Visit places at different times. You found a nice spot where you can relax and spend a lot of time? Where hundreds of people cross and personalities appear? Cool, now get to know the location in the 4th dimension – the Time. In this case you also get an impression where your light comes from and what colour it changes to. Yes, it’s probably black and white, but also a blue hour could make a great impression in a colour street shot. Not only light infects your shot, the shadow does so, too. Use this knowledge to gain extra attention to a situation, How do they move? What shape are they? Can I use this shadow and attach it to another? Buzzword: Perspective and field of view? In any case, have a clock handy.
#3: Keep track of the weather
You know soft light, you know hard light. So lets play with these. When it’s cloudy, you can get pretty nice shots of everyone, as the clouds act as natural diffusor. As a result, you get a good looking, balanced shot with no special effort. It is an easy setup especially in the city. Lots of indirect light coming from everywhere brighten up your location. Therefore, “bad” weather without rain can be in fact good to make shots.
Sunshine behaves similarly. As discussed above, the hard light is key for a dramatic, scenic impression of your picture and the characters in it. Focus on a strong and bold picture where the people in it need that contrast or the landscape demands a stronger shadow. Use sunlight purposefully. It is a special, directed light, that can be formed in any shape, as long as you know where it comes from and which objects throw shadows.
And finally, when it’s raining, you could photograph umbrellas. Or simply go into the metro.
#4: Use walls as indirect light
Certainly, the indirect light is easy to use. Use the urban structures as reflector. Windows reflect more hard light where against painted walls act like a simple white reflector or striplight. This helps to reduce hard contrast and creates a more embedded look, as everything is covered in natural, available light. For example, a construction yard is mostly secured by a wooden fence. Hence, the wood creates a warm, orange looking light when direct sunlight hits it. You could use this for a couple holding hands. Or a family. Whatever needs a positive (as we tend to associate warm colours with warm feelings) impression.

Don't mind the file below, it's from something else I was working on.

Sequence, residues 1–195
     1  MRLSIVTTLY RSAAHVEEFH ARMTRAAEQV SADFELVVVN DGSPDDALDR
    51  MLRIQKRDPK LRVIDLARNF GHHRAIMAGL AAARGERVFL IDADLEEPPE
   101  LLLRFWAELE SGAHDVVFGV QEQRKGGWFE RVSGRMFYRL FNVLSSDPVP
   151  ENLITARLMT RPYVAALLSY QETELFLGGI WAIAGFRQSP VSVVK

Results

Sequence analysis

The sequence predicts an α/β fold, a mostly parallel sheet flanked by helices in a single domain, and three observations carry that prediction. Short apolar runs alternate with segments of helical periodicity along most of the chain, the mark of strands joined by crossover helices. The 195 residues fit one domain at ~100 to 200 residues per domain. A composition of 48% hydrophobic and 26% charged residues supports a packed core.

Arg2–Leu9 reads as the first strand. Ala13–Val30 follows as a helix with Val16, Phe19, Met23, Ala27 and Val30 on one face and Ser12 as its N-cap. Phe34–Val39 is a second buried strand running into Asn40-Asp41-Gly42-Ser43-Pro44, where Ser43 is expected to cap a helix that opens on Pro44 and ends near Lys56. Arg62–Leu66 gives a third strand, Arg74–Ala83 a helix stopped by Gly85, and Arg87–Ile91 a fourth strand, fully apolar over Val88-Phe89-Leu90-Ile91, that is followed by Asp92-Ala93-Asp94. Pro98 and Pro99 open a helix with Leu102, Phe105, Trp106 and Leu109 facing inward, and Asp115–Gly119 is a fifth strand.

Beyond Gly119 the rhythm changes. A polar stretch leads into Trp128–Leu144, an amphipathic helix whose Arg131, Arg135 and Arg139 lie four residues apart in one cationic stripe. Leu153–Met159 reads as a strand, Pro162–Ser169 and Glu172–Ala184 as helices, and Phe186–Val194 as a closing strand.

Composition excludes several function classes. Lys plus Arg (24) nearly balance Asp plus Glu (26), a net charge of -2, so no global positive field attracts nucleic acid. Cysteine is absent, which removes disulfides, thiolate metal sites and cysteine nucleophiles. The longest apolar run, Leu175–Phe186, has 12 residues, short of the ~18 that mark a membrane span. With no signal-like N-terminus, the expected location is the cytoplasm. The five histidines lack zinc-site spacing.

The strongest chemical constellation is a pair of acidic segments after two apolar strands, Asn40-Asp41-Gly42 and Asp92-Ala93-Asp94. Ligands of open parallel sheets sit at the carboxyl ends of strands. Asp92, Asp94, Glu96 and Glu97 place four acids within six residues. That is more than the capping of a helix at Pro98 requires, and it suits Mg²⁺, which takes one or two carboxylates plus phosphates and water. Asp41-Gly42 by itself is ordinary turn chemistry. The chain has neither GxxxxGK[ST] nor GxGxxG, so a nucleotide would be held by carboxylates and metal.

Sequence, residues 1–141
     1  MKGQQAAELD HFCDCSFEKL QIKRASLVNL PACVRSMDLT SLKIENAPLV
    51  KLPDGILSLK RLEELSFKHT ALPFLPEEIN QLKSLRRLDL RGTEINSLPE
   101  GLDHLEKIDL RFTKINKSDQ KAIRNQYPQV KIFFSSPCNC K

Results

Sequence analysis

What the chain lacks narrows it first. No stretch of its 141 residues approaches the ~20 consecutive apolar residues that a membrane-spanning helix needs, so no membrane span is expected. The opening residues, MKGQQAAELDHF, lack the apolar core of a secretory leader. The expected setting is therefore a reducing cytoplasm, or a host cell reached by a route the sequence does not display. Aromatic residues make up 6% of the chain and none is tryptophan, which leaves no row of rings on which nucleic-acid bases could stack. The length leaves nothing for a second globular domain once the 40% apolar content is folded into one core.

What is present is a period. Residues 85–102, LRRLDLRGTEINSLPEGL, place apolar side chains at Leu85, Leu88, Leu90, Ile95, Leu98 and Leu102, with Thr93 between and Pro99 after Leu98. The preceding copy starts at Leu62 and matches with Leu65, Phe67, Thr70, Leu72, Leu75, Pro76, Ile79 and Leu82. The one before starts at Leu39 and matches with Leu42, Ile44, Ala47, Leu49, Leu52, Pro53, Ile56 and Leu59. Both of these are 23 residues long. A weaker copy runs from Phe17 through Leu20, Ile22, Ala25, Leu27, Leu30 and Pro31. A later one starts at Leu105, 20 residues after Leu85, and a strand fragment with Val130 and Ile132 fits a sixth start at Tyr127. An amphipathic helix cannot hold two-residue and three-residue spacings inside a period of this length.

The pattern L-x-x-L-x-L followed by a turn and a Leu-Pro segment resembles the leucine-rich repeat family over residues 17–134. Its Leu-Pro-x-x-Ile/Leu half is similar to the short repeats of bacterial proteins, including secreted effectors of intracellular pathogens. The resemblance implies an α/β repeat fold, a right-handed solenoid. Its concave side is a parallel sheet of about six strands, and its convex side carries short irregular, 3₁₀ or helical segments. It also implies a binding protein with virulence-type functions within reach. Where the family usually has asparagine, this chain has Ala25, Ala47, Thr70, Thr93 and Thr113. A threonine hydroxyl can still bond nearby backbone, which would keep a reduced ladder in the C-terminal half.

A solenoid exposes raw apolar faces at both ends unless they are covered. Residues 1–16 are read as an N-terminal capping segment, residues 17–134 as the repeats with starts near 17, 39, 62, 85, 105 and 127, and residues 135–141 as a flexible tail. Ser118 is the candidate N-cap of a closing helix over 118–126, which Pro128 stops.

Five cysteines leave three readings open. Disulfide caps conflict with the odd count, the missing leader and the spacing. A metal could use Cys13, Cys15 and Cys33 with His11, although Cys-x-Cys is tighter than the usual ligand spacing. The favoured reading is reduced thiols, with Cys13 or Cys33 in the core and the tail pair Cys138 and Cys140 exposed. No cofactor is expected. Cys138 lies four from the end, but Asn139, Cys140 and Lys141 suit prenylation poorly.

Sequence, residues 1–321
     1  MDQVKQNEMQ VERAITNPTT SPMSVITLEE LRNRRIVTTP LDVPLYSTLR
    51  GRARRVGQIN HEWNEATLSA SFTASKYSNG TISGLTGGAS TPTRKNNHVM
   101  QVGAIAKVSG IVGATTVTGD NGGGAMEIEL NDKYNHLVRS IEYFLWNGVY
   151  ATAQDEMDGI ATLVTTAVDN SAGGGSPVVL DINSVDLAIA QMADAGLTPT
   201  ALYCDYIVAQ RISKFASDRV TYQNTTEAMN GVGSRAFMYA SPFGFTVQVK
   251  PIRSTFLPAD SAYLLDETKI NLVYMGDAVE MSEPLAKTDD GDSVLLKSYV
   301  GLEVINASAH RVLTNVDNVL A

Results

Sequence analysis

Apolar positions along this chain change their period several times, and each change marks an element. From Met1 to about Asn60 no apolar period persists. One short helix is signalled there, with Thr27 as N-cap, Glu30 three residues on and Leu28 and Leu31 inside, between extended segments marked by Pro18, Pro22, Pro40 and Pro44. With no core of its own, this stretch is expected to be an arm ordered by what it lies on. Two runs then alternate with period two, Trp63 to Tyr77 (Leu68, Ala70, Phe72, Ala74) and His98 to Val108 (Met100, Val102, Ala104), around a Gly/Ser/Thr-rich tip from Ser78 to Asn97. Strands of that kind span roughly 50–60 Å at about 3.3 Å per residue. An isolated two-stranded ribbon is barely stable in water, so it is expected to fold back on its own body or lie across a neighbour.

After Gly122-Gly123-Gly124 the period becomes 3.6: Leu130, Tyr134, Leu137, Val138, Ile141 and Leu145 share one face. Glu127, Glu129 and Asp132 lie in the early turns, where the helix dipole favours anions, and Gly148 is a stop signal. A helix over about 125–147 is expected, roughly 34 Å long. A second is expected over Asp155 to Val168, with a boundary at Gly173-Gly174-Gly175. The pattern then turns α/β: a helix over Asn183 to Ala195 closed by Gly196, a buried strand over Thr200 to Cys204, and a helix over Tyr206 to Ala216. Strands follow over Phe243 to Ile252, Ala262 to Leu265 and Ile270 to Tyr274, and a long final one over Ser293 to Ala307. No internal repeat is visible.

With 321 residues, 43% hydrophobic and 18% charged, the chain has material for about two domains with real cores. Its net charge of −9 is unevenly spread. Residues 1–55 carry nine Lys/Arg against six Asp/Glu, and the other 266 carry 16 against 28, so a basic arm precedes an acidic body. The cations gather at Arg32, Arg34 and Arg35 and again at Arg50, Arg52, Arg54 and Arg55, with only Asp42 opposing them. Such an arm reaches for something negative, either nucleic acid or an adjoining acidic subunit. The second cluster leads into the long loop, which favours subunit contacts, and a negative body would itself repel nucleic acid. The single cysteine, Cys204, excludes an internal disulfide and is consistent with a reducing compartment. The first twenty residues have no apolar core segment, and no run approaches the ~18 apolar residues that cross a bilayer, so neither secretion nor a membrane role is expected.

#5: Know and Use available light
As a result, you now know all different kinds of light in your city. Depending on the time, the material around you and the personal impression of a scene, you can choose between a wide range of light shapes. This brings you way ahead of other snapshot-like insta teens with crappy cheap software filters. Use this knowledge of available light to create astonishing street shots in your city, where you know even the tiniest reflection of a puddle.
#6: Flash those Faces
Well, it’s simple. It’s night and you live in a small city without that many billboards. No moon, no cars, nothing. But it’s summer and there is this cozy and romantic bar where people tend to have dates. There are some tables outside with couples sitting right next to each other. That’s a classical Film Noir setup. The relationship between two people can be shown in the smooth candle light. Imagine you brighten this up with a remote flash from behind. Arrange the flash on the street with direction of the table(s). As it is dark and the people are busy with them self, no one will notice. Go around the bar opposite of the tables and shoot with the belly method, ideally with EyeAF. I promise, no one will imagine that you’re the photographer. People tend to look for the obvious. and that’s the flash.
So, to sum that up. A remote flash is a good extension for your gear. It decouples the photographer from the light source and can help to pull focus to a different spot than you are.
#6.2: Bonus: Use ND filters
Easy one: Use an ND filter. It blocks extra light. This can help you on a clear and sunny day in winter, where the streets are snowy and the light is bright. Now you want to have motion blur. Almost impossible, as all these reflections are way to much light for your sensor. Even a recovery in post processing wouldn’t help. So, block some light ahead of your sensor and shoot a balanced picture.
Finally to sum that up: Use billboards and traffic signs at night. Use reflections and soft light at day. Try things and ask for comments particularly with the light question in the topic. It will help you go further, gain experience and become an better artist. If you like, attend our upcoming picture discussion. Ask questions and look what others do. Think of creative ways to work with your toolbox and apply your new knowledge.
PS: Fun Fact: As mentioned, film was difficult to expose. Good and bright Tungsten light was not yet developed and electricity was expensive. These were reasons why the majority of the film industry settled in a small valley in the states with blue sky. You even could install mirrors on top of the hills to reflect even more sun into the valley. This small spot is nowadays called Hollywood.